When you think of town meetings in most American communities, those interstitial scenes from Parks & Recreation might come to mind — lots of random mundane rantings and ramblings from various constituents that are at once tedious and hilarious in their own absurdist way.
But public meetings aren't always so dull, or delightful. Things can get hostile. Sometimes its FOX News-fueled monologues about delusional CRT fantasies; sometimes its groups of disenfranchised citizens who are legitimately fed up with special interests and continued disenfranchisement, whose only hopes to protect their homes might be a public appeal to their elitist elected officials.
And lest those elected officials feel uncomfortable when faced with the consequences of their decisions! At least, that's the sort of vibe that the 10,000-person town of Southborough, Massachusetts was going for when it passed a "civility code" that outlawed certain unbecoming behaviors at town meetings, legally requiring that citizens act "respectful and courteous" towards their representatives, and that "rude, personal or slanderous remarks" are prohibited and will result in removal from the meeting.
That rule has been on the Southborough books for a while now. But its come up now in light of a lawsuit filed after a 2018 town meeting in which a resident told a member of the town board to, "STOP BEING A HITLER!"
The question of whether you can call an elected official "Hitler" eventually rose to the Massachusetts State Supreme Court — which ruled this month that yes, you can totally be a dick at town meetings.
From The Boston Globe:
At the meeting, a town official cited a local "civility code" to abruptly shut down a public comment period after a resident made critical comments about a proposed property tax hike and repeated violations of the open meeting law, the SJC said.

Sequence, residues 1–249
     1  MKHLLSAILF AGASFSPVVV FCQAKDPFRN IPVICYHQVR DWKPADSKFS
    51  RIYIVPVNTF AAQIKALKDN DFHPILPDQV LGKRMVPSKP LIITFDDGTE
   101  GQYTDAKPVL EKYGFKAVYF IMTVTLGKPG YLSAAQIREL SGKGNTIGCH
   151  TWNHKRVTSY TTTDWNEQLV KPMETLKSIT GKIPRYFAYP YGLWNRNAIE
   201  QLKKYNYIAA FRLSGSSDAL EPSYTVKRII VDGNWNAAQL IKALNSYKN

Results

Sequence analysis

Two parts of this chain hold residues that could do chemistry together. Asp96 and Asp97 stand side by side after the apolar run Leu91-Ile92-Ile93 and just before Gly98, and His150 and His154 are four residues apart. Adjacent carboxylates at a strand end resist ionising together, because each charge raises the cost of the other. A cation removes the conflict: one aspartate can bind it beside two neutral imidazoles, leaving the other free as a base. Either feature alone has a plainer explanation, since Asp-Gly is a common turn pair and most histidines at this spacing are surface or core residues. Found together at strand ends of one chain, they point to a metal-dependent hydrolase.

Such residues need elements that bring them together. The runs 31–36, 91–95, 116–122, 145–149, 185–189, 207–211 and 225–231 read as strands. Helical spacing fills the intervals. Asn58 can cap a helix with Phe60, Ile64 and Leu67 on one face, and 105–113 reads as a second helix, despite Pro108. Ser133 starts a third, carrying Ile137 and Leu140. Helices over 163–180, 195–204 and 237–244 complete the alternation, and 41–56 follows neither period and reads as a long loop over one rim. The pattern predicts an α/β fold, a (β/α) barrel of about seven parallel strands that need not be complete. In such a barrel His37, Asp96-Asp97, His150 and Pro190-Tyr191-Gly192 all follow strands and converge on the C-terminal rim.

That was improper under a clause of the state constitution, known as Article 19, that John Adams and his cousin Samuel Adams crafted together, the court ruled. The goal then, and now, is to assure the public has a voice in the operations of all levels of government, especially the municipal level, the court ruled.
Article 19 was inspired by the deep antipathy towards King George III that colonists expressed in harsh and often insulting language, the SJC noted.
Article 19 "reflects the lessons and the spirit of the American Revolution," Justice Scott L. Kafker wrote for the court. "It was designed to protect such opposition [to governmental authority], even if it was rude, personal, and disrespectful to public figures, as the colonists eventually were to the king and his representatives in Massachusetts."
Although a comparison to Hitler is certainly rude and insulting, it is still speech protected.
There ya have! Massholes gonna masshole. Although apparently that's still up-in-the-air in Cambridge.
SJC rules that free speech at public hearings includes right to use 'rude, personal, and disrespectful' words [John R. Ellement / The Boston Globe]
Residents' Right to Be Rude Upheld by Massachusetts Supreme Court [Jenna Russell / The New York Times]